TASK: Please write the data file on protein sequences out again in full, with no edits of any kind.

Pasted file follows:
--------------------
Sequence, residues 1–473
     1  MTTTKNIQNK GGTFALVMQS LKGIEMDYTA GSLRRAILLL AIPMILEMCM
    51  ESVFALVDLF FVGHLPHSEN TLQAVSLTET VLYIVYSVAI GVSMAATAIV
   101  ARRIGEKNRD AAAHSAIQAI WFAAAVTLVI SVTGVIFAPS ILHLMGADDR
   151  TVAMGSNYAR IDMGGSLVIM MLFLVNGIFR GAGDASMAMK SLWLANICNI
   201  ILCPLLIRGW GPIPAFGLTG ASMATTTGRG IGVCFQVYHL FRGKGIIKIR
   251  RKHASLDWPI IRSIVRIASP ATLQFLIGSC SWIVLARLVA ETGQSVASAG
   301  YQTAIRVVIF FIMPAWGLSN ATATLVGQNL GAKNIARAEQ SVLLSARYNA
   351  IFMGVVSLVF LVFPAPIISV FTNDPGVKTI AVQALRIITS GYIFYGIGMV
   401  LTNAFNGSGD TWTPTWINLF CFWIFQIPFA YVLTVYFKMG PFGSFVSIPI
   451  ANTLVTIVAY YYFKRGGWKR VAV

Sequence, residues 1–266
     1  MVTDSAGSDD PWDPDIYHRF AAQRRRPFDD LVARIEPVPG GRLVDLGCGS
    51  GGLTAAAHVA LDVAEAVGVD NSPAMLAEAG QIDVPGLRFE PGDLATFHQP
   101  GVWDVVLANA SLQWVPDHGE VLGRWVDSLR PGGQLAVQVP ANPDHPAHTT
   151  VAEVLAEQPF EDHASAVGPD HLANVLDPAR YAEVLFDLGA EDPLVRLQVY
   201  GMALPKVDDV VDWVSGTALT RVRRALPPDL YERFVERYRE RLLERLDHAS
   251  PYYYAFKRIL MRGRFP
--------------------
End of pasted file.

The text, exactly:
Sequence, residues 1–473
     1  MTTTKNIQNK GGTFALVMQS LKGIEMDYTA GSLRRAILLL AIPMILEMCM
    51  ESVFALVDLF FVGHLPHSEN TLQAVSLTET VLYIVYSVAI GVSMAATAIV
   101  ARRIGEKNRD AAAHSAIQAI WFAAAVTLVI SVTGVIFAPS ILHLMGADDR
   151  TVAMGSNYAR IDMGGSLVIM MLFLVNGIFR GAGDASMAMK SLWLANICNI
   201  ILCPLLIRGW GPIPAFGLTG ASMATTTGRG IGVCFQVYHL FRGKGIIKIR
   251  RKHASLDWPI IRSIVRIASP ATLQFLIGSC SWIVLARLVA ETGQSVASAG
   301  YQTAIRVVIF FIMPAWGLSN ATATLVGQNL GAKNIARAEQ SVLLSARYNA
   351  IFMGVVSLVF LVFPAPIISV FTNDPGVKTI AVQALRIITS GYIFYGIGMV
   401  LTNAFNGSGD TWTPTWINLF CFWIFQIPFA YVLTVYFKMG PFGSFVSIPI
   451  ANTLVTIVAY YYFKRGGWKR VAV

Sequence, residues 1–266
     1  MVTDSAGSDD PWDPDIYHRF AAQRRRPFDD LVARIEPVPG GRLVDLGCGS
    51  GGLTAAAHVA LDVAEAVGVD NSPAMLAEAG QIDVPGLRFE PGDLATFHQP
   101  GVWDVVLANA SLQWVPDHGE VLGRWVDSLR PGGQLAVQVP ANPDHPAHTT
   151  VAEVLAEQPF EDHASAVGPD HLANVLDPAR YAEVLFDLGA EDPLVRLQVY
   201  GMALPKVDDV VDWVSGTALT RVRRALPPDL YERFVERYRE RLLERLDHAS
   251  PYYYAFKRIL MRGRFP